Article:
The Pentagon is not just an ordinary office building, William E. Brazis, the director of Washington Headquarters Services, said July 12 at a dedication ceremony for the newest history exhibit to open in the building.
The Pentagon Building History Exhibit shows the evolution of the five sided structure from its earliest planning stages through its most recent modernization, which was completed in late 2011.
Brazis noted that for those who work in the Pentagon, it’s easy to forget how much of American history has taken place or been directed from within its walls.
“This is just not an ordinary office building. It’s a place where history is made, one person at a time,” Brazis said. “Since 1942, 24 hours a day, seven days a week, for 70 years, every second that’s ticked there have been our fellow citizens working in this building.”
He called the Pentagon a symbol of American democracy and commitment to freedom and liberty around the world. “We have to remind ourselves that this is an incredible place with an incredible history … woven into the fabric of the history of our nation,” he said.
The new exhibit features life-size images of Pentagon employees at work in their offices. Located between the C and D rings of Corridor 2, on the Pentagon’s third floor, the exhibit consists of three main parts.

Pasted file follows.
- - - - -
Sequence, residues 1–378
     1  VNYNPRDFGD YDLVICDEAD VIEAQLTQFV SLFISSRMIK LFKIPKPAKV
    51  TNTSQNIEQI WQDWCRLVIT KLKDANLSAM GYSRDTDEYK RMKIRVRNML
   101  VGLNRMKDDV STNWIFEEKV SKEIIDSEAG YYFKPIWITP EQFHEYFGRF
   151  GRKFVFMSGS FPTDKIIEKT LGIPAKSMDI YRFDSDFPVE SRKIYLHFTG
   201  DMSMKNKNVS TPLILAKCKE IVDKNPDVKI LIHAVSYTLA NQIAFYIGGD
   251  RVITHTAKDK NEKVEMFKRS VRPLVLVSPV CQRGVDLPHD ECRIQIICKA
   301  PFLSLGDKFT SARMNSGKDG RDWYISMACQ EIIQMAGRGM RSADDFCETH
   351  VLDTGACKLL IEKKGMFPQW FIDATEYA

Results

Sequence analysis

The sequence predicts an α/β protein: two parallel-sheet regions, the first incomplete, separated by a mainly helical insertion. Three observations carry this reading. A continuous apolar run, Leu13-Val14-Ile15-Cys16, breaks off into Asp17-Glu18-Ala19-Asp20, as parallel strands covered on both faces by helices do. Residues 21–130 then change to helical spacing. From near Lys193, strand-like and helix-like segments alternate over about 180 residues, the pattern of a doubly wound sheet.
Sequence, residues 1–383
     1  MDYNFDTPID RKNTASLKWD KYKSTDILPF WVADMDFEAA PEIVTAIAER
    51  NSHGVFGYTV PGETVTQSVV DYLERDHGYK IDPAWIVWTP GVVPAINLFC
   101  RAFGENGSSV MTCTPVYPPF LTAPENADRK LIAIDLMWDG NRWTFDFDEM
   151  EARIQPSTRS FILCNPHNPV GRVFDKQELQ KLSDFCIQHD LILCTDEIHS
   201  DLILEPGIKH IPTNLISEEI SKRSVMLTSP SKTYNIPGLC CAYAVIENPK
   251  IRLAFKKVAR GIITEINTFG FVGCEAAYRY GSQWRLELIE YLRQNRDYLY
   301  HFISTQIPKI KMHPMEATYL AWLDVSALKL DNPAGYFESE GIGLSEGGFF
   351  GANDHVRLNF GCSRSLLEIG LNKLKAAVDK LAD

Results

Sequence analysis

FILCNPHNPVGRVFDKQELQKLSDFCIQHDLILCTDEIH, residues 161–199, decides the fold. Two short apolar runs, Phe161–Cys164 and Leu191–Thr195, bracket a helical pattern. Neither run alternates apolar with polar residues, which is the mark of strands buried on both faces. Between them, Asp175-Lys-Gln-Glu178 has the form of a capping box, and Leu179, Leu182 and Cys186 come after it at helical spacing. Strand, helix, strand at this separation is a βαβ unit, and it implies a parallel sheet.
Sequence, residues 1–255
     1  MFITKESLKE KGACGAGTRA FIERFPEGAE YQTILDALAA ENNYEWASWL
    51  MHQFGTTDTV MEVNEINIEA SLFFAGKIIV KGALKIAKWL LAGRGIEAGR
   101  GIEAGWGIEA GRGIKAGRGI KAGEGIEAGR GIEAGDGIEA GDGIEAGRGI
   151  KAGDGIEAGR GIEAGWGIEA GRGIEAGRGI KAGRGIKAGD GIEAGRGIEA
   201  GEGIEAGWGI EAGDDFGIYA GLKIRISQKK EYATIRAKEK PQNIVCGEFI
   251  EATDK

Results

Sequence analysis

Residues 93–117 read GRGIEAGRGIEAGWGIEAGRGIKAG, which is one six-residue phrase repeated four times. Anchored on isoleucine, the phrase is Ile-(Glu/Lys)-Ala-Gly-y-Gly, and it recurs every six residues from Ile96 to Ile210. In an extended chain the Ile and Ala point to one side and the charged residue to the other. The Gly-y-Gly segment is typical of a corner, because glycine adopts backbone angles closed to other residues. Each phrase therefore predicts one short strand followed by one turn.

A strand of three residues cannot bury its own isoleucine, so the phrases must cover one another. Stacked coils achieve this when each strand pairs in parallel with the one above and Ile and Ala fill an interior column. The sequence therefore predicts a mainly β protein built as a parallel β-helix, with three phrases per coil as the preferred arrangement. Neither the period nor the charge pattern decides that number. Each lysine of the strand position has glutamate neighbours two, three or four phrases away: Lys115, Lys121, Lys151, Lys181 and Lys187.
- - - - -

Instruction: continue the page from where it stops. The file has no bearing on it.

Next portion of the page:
Several hallway display cases contain photos and artifacts from the 1940s and the 1990s, the decade when the Pentagon was originally constructed and the time just before the most recent renovations. Two preserved office spaces from those periods make up the largest part of the exhibit.
A multimedia space lets visitors see how the Pentagon was originally constructed and also describes the Phoenix Project — the reconstruction of a portion of the building following the September 11, 2001, terrorist attack.
“We wanted to show what’s behind the walls. The ceiling, the columns, the terracotta wall are all historical to the 1940-41-42-43 [construction period],” said Bill Hopper, the communications manager of the Facilities Services Directorate. “We wanted to show a deconstructed room but also we wanted to show the life. We have many images from the period of time of the building of the Pentagon.”
Preserving the office spaces is the right thing to do, said Michael L. Rhodes, the director of Administration and Management for the Office of the Secretary of Defense.
“It was a terribly smart thing to come up with. It was done at the right time so that we could truly preserve a piece of this history,” Rhodes said.
He anticipated that the exhibit would be included in the official Pentagon tours.